How Implants Prevent Bone Loss
When you lose your teeth, whether it happens as a result of facial trauma, gum disease, or because the teeth need to be extracted, the effects are all the same. One of the biggest effects of tooth loss is the resulting bone loss in your jaw. Over time, the bone continues to grow weaker, eventually changing shape. As this happens, your healthy teeth begin to sift out of alignment, throwing off your natural bite. Your facial features may also be impacted by bone loss. Your tissues lose support, which leads to sagging skin and wrinkles. Dental implants are a highly popular treatment for replacing missing teeth, but to receive this treatment, you need to have sufficient bone mass remaining in your jaw. Joe Radakovich DMD can help with bone grafting.
Bone Mass and Dental Implants
Dental implants are surgically inserted directly into your jawbone. The posts rely on a process called osseointegration. This is a natural process during which your jawbone fuses gradually to the posts, integrating them into your mouth. With successful osseointegration, the posts become strong, stable roots that support your new teeth.
However, bone loss is a natural occurrence after tooth loss. The longer you wait to replace your teeth, the more bone mass is lost. Without sufficient bone mass, the posts may not fully integrate into your jaw, which can cause loose implants and even implant failure.
Bone grafting is a surgical procedure that is performed to replace the bone mass that is lost from your jaw. By replacing this mass, the strength and shape of your jawbone are restored, enabling the bone to support dental implants. A bone graft may use bone from your own body, from a donor, or synthetic materials may be used. Your options will be discussed during your consultation, and we can help to determine the best type of graft for you.
Different Bone Grafts for Different Needs
There are a few different types of bone grafts, including:
||Autogenous. With this treatment, we use your bone mass, which is taken typically from your hip or tibia. While this treatment requires two separate surgical sites. You do not have any risk for disease transmission.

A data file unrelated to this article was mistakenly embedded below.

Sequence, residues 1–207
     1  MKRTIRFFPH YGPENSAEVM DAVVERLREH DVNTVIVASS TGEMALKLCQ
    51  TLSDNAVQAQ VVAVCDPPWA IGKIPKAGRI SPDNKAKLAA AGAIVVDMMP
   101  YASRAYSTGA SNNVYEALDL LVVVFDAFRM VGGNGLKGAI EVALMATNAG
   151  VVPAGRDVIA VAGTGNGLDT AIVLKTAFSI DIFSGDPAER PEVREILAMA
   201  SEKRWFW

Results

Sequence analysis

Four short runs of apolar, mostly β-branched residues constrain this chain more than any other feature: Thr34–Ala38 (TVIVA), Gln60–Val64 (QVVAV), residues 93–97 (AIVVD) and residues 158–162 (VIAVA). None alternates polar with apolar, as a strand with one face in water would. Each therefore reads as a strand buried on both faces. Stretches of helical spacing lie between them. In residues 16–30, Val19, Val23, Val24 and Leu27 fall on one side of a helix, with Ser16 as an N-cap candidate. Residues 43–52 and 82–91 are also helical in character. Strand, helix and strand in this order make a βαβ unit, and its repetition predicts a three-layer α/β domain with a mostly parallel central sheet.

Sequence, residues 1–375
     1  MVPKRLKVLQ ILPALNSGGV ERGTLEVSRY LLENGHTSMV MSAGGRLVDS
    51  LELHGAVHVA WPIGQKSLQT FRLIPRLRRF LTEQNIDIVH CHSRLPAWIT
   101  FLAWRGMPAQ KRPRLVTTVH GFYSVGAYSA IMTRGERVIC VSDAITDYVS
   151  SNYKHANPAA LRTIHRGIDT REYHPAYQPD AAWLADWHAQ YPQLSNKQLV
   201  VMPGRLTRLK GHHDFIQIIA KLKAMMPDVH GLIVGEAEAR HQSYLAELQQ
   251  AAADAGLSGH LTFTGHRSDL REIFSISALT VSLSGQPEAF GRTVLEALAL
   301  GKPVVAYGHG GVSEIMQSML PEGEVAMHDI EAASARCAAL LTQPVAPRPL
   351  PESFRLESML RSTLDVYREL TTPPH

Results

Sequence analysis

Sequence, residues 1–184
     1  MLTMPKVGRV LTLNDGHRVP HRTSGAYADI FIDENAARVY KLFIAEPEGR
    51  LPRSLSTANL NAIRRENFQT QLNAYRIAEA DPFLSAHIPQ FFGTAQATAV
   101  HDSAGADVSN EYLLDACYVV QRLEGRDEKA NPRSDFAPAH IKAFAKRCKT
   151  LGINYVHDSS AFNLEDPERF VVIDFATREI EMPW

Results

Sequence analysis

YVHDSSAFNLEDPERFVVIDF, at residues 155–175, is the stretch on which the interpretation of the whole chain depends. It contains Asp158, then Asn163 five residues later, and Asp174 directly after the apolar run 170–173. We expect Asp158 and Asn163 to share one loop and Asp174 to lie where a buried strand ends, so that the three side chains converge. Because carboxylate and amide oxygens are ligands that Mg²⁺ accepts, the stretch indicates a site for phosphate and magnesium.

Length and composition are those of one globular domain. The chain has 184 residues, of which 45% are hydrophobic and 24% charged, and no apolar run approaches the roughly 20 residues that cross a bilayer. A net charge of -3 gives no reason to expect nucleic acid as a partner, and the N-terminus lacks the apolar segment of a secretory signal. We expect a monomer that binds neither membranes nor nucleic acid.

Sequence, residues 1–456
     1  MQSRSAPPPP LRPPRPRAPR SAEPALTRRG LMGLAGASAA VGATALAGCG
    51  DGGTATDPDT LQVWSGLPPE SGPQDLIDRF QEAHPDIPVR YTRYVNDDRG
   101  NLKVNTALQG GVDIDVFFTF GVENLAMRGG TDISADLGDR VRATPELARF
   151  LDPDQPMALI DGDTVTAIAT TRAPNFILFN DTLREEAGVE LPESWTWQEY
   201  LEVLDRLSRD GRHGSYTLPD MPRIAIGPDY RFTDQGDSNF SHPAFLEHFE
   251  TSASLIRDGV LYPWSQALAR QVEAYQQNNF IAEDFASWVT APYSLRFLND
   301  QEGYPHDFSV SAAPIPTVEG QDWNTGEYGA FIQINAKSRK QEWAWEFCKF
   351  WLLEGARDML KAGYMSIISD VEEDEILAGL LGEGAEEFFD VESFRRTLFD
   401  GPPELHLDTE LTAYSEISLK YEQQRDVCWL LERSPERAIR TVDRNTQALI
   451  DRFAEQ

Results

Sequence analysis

||Allogenic. With an allogenic bone graft, we take bone mass from a compatible donor. The tissue is screened thoroughly to reduce the risk for disease transmission, and only one surgical site is needed.
||Xenogenic. This type of graft uses bone mass from another species, usually a bovine or pig. The bone is processed to reduce the risk of disease. Like allogenic grafts, you only require a single surgical site.
||Synthetic bone grafting materials.
How your Bone Grafting is Done
A bone graft surgery is done under a local anesthetic and sedation. The procedure begins with incisions in your gums, exposing the weakened areas of your jaw underneath. If we are performing an autogenous graft, incisions are made in the donor site, and the necessary bone mass is extracted. Your donor bone tissue is placed into your jaw, and the surgical wounds are sutured closed. Once you have healed from your bone graft, which can take several months, we can then begin the process of placing your dental implants.
After your bone grafting is complete and you have fully healed, you may then move forward with getting your dental implants. Call Joe Radakovich DMD at (503) 455-4673 today for more information and to schedule your consultation.